By: Nabila Jamshed
When the BRICS countries signed an agreement establishing a New Development Bank, political analysis should have taken into account more than its strategic importance to international development and finance. Four days later, the UN’s Open Working Group revealed its draft of the Sustainable Development Goals (SDGs), 17 commitments which set the global development agenda for the post-2015 world. There was a looming crisis at the heart of both initiatives, that our future is not a sustainable one. Perhaps more importantly, that our present isn’t either.
In 2015, the Millennium Development Goals, which have been the focus of development interventions for the past decade and a half, will be replaced by a new set of objectives. For the next 15 years, the world will put its efforts behind the SDGs on poverty, health, food security, industrialisation, education, water, consumption, peace and climate change, among other issues. The remarkable thing about these goals is that they represent a departure from what development has meant so far. That “development” as a paradigm is no longer adequate either for political or economic policy or for business is articulated in the new terminology. Sustainability is not expected to complement growth by numbers. The new development paradigm is sustainable development. At Fortaleza, the BRICS were not only asserting a more Southern orientation for the future of development financing, they were also acknowledging the need to mainstream sustainability within it.
Most discourse on sustainability has tended to see it as the solution to long-term challenges, in a distinctly Malthusian tenor. Malthus had infamously theorised that the world’s population grows exponentially, while its capacity and resources grow arithmetically, predicting that the planet will not accommodate the growth of people beyond a point. More recently, the science on climate change put out disaster warnings, which tended to be viewed not in terms of their current implications, but future ones. In policy, the question of sustainable development was afforded its due rhetoric and then relegated to a limited “environment” sector.
But sustainability, in its most complete sense, will be crucial to the challenges confronting our countries today. The most well-known definition of sustainable development comes from the report of the World Commission on Environment and Development, which described it as “development that meets the needs of the present without compromising the ability of future generations to meet their own needs”. The UN University’s Inclusive Wealth Report in 2012 said that, despite significant progress in the last 25 years, humanity has failed to “ensure its own long-term viability”. One might argue that the future we were supposed to build through sustainability policies is already here. Tragedies like the one wrought by the recent landslide in Pune, urban pollution and the traffic crisis in urban spaces like those of China, and the resource-conflict driven massacre of Darfur, demonstrate how ecologically conscious development is a necessary response to problems today. The zeitgeist since has taken sustainable development beyond the ecological. It is isn’t merely about managing our natural wealth with the future in mind, but about sustaining opportunity for all.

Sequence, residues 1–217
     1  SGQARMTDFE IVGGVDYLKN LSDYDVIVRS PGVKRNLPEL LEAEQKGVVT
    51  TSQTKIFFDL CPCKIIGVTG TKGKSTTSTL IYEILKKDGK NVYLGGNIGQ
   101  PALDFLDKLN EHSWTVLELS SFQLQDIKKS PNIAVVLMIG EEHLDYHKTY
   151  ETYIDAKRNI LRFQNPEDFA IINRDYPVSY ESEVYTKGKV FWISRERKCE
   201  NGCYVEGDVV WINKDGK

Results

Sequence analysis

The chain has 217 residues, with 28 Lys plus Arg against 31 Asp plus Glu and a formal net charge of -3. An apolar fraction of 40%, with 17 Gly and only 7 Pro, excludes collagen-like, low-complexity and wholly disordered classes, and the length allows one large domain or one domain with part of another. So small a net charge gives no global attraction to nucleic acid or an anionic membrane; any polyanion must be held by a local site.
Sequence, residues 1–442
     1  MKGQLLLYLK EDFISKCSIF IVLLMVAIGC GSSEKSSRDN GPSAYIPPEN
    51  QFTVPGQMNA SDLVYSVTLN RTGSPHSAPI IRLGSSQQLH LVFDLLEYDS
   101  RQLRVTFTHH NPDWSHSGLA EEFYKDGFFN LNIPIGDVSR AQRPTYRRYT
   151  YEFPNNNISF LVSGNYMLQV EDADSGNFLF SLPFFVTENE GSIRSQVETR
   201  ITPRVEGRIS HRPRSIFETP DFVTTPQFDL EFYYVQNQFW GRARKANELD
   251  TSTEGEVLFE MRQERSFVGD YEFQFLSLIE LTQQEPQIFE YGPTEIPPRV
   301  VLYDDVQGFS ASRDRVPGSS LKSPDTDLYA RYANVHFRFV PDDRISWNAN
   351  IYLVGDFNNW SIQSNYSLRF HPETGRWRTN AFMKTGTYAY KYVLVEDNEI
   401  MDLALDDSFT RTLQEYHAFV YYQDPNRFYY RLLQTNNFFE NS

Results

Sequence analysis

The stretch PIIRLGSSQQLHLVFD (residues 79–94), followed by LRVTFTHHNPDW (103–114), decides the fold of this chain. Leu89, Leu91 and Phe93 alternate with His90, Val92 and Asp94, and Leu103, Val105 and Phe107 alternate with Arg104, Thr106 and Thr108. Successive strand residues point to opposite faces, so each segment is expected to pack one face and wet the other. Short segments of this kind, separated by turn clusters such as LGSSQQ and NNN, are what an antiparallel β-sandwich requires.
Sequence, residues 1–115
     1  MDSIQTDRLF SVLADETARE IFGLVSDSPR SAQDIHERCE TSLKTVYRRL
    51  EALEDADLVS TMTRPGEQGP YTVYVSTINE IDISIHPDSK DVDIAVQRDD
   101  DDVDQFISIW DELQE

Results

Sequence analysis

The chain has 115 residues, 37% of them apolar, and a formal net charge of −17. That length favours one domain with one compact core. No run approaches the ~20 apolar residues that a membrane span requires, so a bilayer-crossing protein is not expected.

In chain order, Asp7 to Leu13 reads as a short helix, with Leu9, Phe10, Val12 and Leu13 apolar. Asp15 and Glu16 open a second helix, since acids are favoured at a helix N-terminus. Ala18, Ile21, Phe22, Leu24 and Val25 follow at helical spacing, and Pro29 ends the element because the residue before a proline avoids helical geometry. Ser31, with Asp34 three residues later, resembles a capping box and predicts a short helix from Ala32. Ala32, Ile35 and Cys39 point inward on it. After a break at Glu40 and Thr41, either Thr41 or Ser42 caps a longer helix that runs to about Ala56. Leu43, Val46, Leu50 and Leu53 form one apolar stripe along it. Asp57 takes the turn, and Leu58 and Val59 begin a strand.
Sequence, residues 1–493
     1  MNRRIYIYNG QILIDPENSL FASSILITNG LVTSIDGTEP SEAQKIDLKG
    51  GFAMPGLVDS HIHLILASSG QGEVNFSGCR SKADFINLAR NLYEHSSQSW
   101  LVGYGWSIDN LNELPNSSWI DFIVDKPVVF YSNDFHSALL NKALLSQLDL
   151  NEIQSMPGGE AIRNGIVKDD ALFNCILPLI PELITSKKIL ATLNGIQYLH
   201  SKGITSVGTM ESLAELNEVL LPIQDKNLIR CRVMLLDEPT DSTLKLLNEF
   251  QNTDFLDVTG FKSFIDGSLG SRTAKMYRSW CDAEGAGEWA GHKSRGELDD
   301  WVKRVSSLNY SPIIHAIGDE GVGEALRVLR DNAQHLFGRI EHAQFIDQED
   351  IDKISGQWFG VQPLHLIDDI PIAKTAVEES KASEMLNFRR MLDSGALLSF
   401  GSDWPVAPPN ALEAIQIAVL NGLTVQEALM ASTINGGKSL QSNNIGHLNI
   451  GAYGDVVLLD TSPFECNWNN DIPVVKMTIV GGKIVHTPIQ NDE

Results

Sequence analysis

Thomas Piketty’s Capital in the Twenty First Century isn’t the first work of economics to point to the long-term challenges of unequal growth. The momentum towards the need for a new economics was catalysed by the 2008 financial crises. The rational model, and the utilitarian logic which underpinned it, could neither fully explain the collapse nor justify the narrowing of economic opportunity for the majority at the bottom of the Stiglitz pyramid.
The draft SDGs are calling for “inclusive and sustainable economic growth” and “sustainable consumption and production patterns”. More interestingly, they are calling for the reduction of “inequalities within and among countries”. A high-level panel, co-chaired by David Cameron and convened by the UN secretary general, on the post-2015 global development agenda determined that a better future required fundamental and “transformative shifts” instead of the same compartments of sectoral interventions. There is a growing recognition that peace, sustainable development, equity, social justice and security are too closely interlinked to be considered separate bodies of effort.
The logical policy trajectory for states attempting to build wealthier, more peaceful and resilient societies is inclusive and sustainable development. In a future of limited resources, growth can no longer be the measure of a country’s success. The SDGs are calling for ways to measure progress that complement the GDP. Perhaps it is also time to consider development beyond development.
The writer works as programme analyst with the UN. Views are personal
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